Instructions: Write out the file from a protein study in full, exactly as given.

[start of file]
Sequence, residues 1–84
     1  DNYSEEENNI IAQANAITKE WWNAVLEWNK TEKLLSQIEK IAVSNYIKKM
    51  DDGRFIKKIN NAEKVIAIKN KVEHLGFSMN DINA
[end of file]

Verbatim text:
Sequence, residues 1–84
     1  DNYSEEENNI IAQANAITKE WWNAVLEWNK TEKLLSQIEK IAVSNYIKKM
    51  DDGRFIKKIN NAEKVIAIKN KVEHLGFSMN DINA